Science Fiction

And so they slowly fade away...

A few days ago, the news carried a short notice about Richard Matheson's death. I was a bit surprised at first, but then remembered that his novel I Am Legend had recently been remade into a blockbuster movie, so that's why the media know him. Just now I did some research while reading Isaac Asimov's "A Memoir", and so found out that another Science Fiction author, Jack Vance, has passed away a month ago, this time entirely without my noticing. Jack Vance is one of the few SF authors that I absolutely adore, and in the SF field he is rightly famous - but apparently not famous enough in the eyes of the general populace to warrant even the smallest notice in the papers. Just now I feel very sad.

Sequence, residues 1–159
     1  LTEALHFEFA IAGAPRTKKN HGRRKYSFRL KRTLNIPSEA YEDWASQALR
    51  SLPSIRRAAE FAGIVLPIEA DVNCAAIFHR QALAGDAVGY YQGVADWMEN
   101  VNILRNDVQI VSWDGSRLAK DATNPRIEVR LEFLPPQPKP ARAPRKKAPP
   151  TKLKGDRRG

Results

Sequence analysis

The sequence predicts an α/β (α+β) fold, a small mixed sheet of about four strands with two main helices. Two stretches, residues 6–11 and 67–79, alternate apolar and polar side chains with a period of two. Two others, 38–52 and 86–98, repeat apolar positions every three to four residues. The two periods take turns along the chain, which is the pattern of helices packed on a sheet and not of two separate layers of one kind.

Man Plus

Author Frederik Pohl Rating At a glance Although Man Plus uses many classical SF elements such as travelling to and colonizing Mars, an apocalyptic world view, and the technology-driven transformation of a human into a cyborg body, the actual core of the book is the exploration of what happens in a person's mind if that person becomes disconnected from his or her human surroundings and even his or her own human nature.

Singularity Sky

Author Charles Stross Rating At a glance Singularity Sky is a straight technology-oriented story which starts out grippingly, but then, after the initial third or so, loses its initial captivating power. The book dazzles with many good ideas, but story and character development cannot keep up and somehow get lost in the "information overflow". Although the story cursorily explores a few moral and social questions, no new insights can be gained from reading the book.